Salutations.

If you didn’t know (but really, how could you not?), I am on Twitter. Twitter, for the uninformed, is a social media website where you can share your thoughts within a set parameter of characters. It gives people the opportunity to share their brief insights and jokes with a wider audience and is home to a great community of writers, many of whom I genuinely like.

It is also home to many, many, creepy middle-aged men.

Now, I don’t hate middle-aged men. In fact, I love and admire many middle-aged men. Many of my closest friends are middle-aged men (that’s untrue, but wouldn’t it be swell if it was?). The problem is that these men don’t view me as a peer. To them, I am not a fellow writer but a potential partner, and the number of ‘hello, dear’ messages I receive on a daily basis is so great that I should probably consider changing my name to Bambi.

“But Charlotte,” the middle-aged man in my mind’s-eye complains, “they’re just being friendly. Of course they see you as an equal in this community.”

Why, then, do they insist on reducing their praise of me to physical attributes? Don’t get me wrong, sometimes it’s nice when people say that you’re pretty, but no one is out there telling Stephen King that he’s got lovely eyes. No one is telling Neil Gaiman to ‘smile more’. I would be very surprised if David Mitchell’s Twitter inbox is filled with middle-aged women telling him that they just want someone to spend the rest of their life with.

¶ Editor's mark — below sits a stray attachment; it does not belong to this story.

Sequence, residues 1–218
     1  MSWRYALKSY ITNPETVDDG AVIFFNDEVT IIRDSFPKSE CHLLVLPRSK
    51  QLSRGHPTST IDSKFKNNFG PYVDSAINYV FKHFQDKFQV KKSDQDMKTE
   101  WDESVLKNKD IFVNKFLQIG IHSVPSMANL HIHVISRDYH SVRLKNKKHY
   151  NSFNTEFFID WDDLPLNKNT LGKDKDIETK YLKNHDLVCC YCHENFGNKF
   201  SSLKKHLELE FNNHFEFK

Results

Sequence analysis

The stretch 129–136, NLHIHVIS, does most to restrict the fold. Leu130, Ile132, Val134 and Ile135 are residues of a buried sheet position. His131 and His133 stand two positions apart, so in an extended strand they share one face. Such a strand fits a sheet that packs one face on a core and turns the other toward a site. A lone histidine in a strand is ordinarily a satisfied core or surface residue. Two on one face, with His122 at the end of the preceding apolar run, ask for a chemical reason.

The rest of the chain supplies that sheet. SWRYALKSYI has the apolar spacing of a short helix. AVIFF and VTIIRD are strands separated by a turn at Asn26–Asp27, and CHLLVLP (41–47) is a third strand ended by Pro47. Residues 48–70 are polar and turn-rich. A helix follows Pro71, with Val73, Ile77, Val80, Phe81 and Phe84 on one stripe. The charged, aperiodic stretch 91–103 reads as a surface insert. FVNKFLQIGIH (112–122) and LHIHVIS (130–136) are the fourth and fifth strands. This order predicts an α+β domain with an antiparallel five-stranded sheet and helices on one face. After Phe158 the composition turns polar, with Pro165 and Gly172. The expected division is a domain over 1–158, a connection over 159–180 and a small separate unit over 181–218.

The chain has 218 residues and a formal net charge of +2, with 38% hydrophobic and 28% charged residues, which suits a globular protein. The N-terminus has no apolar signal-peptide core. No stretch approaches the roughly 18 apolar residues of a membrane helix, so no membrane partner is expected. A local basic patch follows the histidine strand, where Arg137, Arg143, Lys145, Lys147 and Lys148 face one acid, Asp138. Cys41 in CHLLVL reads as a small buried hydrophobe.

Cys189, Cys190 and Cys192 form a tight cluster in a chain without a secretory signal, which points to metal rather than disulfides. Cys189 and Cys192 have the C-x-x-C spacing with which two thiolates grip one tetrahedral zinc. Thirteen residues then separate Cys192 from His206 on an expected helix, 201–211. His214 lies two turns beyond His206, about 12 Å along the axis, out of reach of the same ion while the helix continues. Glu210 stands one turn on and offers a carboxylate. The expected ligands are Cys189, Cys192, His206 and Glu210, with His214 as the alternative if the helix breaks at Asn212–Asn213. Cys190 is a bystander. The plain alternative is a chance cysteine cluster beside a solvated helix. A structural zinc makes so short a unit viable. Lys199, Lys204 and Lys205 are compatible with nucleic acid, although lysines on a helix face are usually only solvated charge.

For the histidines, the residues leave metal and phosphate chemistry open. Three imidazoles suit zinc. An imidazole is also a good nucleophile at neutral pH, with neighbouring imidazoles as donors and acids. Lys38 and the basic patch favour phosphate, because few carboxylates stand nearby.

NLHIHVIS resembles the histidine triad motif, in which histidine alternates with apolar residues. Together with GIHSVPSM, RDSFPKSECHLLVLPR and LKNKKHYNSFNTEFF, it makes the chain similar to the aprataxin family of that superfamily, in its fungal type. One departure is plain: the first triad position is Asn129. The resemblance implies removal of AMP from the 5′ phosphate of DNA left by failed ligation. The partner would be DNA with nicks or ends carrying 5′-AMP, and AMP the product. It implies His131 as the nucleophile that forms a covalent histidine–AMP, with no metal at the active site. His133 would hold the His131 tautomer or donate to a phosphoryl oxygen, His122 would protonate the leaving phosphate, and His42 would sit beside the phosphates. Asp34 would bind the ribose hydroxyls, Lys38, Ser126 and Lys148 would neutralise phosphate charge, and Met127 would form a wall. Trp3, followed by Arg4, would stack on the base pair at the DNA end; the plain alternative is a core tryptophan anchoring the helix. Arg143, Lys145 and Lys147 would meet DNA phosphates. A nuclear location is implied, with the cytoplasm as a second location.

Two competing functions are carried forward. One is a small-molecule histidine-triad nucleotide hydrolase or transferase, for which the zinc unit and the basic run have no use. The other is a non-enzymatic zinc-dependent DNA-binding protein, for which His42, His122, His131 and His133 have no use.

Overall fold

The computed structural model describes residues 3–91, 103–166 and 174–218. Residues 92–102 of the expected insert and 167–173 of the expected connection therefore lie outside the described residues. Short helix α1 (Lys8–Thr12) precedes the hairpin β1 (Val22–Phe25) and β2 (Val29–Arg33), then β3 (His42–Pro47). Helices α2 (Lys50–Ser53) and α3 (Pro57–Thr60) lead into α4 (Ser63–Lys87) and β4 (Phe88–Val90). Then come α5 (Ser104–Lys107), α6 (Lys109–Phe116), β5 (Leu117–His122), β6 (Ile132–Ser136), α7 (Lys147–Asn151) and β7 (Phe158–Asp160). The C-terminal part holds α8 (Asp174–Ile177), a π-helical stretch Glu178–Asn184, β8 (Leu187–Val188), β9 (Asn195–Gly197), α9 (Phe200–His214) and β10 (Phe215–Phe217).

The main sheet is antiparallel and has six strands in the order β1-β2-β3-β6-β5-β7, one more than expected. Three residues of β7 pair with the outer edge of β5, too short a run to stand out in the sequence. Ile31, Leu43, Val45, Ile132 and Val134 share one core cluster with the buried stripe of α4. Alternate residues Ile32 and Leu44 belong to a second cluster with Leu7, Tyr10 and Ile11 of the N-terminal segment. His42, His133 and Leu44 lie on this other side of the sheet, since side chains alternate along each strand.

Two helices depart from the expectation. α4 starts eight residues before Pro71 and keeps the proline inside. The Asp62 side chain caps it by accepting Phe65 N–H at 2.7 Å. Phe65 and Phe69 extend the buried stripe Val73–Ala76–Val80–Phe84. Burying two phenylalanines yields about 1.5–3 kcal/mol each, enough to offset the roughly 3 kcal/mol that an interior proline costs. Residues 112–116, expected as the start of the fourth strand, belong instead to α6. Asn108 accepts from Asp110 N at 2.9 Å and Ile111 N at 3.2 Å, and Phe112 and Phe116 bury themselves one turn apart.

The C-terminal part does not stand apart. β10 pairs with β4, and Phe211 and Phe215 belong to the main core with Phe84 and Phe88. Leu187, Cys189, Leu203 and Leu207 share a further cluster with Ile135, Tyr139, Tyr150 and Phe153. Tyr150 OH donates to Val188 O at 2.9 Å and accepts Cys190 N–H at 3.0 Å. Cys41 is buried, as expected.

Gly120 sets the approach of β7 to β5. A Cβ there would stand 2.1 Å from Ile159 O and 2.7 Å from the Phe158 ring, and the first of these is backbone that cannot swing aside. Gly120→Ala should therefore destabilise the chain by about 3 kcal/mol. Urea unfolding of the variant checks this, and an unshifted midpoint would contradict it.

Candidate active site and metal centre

In short, the fact that you like my face is irrelevant to me. I would much rather you complimented my characterisation than the ‘youthful plumpness of [my cheeks]’ – because, let’s be real, in fifty years, my plumpness will be far less youthful and you will be dead. Moreover, in honour of Pride Month, let’s make this very clear: I am a lesbian. I am a violet-bearer, a daughter of Sappho, a gay woman. I am also nineteen years old. What makes random strangers on the internet think that I want to date them when I would have a much better chance with their daughters?

Hubris, I suppose, but that makes it clear that they are not half as well read as they say they are. Such pride never ends well for the perpetrator. Also, it makes you look like a dick on the internet and, if you are unfortunate enough to come across someone as petty as me, they will screenshot your creepy messages and put them on their blog. Like this.

Now, if you still fancy sliding into my DMs, here’s a simple way to become my friend and writing colleague:

  1. Are you planning on opening with a comment about my looks? If so, change this to a comment about my works, maybe a receipt showing that you bought my book.
  2. Are you going to ask if I am single? If so, then don’t. Funnily enough, this is not a meet-cute from a romantic comedy and instead makes you look like the stalker from the hit Netflix series ‘You’.
  3. Are you going to ask me to specify where I live? Please do not – London is way too specific as it is, and I would much rather not share my postcode with strangers on the internet.
  4. Are you going to engage me in interesting conversation about books and/or writing? If so, then please do! I love chatting with people on the internet, as long as conversation stays trivial and fun.

Yours sincerely,

Charlotte Bowyer (author, activist, and full-time internet woman)